As part of its efforts to build commercial ties between the United States and Hungary, Interlink Capital Strategies coordinated a series of meetings with the Hungarian Ambassador to the U.S., Dr. László Szabó and U.S. business leaders. The presentations centered on Hungary’s business friendly government with a focus on innovation, education and technology.
Hungarians have a long history with innovation and inventions, and the Ambassador went through many - including the Prezi presentation that he used to share information. The Embassy in Washington, DC is starting a center for innovation to assist companies to innovate and grow.
The Ambassador talked about how the country has lowered taxes, and that has inspired people to work harder and smarter. He attributed that to the fact that Hungarians sleep better with lower taxes, and so they work better during the day!
Hungary is home to 64,000 wineries. It seems nearly impossible to have so many, and it has created a fragmented market that doesn't colloborate well enough yet to provide a united marketing front. But suffice to say that the industry is strong and growing in the country.
Unlike Greece, Hungary decided to pay back their IMF loan early, and the Ambassador shared that this was a great idea. And we only have to look at the trajectory of Hungary and Greece to make the same conclusion.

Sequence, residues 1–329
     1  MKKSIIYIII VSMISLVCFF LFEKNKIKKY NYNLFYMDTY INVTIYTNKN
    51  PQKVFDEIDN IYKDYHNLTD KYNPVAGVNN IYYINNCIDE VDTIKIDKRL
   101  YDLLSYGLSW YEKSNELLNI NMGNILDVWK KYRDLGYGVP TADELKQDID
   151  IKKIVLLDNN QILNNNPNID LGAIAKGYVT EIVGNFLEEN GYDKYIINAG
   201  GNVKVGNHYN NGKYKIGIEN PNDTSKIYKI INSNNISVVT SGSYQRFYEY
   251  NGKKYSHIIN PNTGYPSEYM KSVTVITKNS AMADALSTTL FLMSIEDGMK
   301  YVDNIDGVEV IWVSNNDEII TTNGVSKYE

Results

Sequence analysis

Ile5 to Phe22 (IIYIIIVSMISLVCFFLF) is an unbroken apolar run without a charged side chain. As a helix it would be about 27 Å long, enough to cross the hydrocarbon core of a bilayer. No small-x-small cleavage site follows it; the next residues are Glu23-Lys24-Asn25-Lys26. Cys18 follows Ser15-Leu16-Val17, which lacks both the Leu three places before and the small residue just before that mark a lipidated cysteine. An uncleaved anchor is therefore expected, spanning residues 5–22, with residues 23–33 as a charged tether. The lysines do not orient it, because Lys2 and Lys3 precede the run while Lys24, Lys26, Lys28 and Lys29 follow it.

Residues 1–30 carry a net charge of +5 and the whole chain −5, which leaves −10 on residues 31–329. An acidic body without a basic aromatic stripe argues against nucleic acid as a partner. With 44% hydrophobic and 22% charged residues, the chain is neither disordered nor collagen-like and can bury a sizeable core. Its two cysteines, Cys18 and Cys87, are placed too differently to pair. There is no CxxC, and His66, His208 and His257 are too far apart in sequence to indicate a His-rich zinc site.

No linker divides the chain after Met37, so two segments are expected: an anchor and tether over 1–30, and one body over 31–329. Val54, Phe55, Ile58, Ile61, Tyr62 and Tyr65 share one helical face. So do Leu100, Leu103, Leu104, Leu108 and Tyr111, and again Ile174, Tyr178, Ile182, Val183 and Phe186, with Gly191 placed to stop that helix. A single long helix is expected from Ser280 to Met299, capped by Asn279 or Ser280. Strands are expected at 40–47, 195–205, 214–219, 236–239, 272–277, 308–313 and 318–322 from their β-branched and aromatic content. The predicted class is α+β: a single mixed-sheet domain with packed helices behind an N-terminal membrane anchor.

Hungary has a full-employment mentality. If someone is out of work for 3 months, the government supplies them a job.
The Ambassador was adamant that the environment within Hungary is friendly to all people and religions, including those practicing the Jewish faith. The Ambassador quoted Benjamin Netanyahu who said that Hungary is the safest place in the world for Jews. Many different religions live side by side in a friendly way in Budapest and across the country.
One key issue is birth rate, and the country has told Hungarians to make more babies, and the communication is through tax breaks for larger families. Within the decade they have increased family size from 1.1 to 1.6 children, and they wish to increase further.
Hungary has repatriated 300 people from Venezuela who wished to leave that country and come to Hungary.
One remaining issue with immigration is to be added to the E-1 and E-2 visa list for the U.S. to allow easier access for Hungarians to work and live in the U.S. The issue is being worked on.
Over 24 hours in town, the Ambassador first met with Rep. Tony Rivero on the Arizona House floor and spoke with the Speaker of the House. The Ambassador then spoke at the International State of the Metro in the evening, more here. He had a late-night dinner with a group of people starting a Hungarian Chamber of Commerce in Arizona and we met a probable future Honorary Consul of Hungary in Arizona.
Then the next morning the Ambassador spoke at another Global Chamber event at the law firm Spencer Fane, hosted by Mike Patterson and his team. There he was also interviewed for a future story by Chamber Business News. A very busy 24 hours!